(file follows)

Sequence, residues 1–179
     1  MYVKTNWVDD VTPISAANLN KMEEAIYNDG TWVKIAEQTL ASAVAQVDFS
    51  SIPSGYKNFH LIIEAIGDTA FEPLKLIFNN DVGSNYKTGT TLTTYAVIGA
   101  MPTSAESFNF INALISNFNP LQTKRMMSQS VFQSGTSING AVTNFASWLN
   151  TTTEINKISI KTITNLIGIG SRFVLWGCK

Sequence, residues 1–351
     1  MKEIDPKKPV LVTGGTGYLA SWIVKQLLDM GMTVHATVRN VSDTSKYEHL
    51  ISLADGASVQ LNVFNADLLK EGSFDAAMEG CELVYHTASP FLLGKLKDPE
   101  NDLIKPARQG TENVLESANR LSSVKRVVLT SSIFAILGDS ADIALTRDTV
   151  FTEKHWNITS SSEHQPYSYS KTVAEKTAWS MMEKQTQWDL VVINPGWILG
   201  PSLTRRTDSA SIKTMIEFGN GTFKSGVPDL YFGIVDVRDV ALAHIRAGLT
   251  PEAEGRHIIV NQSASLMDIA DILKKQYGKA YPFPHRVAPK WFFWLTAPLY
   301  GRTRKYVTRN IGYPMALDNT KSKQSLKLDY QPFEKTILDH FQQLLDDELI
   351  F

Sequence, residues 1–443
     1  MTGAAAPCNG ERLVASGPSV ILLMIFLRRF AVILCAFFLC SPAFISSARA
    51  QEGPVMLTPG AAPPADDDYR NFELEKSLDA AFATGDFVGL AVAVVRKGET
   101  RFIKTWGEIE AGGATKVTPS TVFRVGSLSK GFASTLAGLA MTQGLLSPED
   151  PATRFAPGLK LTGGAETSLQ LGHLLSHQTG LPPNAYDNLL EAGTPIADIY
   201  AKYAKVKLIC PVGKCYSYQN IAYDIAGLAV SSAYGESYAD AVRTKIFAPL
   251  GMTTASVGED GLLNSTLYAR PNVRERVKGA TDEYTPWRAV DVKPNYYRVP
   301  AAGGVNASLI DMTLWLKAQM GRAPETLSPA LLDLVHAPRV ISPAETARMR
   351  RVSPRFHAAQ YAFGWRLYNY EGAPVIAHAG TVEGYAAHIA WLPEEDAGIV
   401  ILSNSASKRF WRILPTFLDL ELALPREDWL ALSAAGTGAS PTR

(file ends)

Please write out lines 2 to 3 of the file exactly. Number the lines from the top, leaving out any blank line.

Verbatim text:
     1  MYVKTNWVDD VTPISAANLN KMEEAIYNDG TWVKIAEQTL ASAVAQVDFS
    51  SIPSGYKNFH LIIEAIGDTA FEPLKLIFNN DVGSNYKTGT TLTTYAVIGA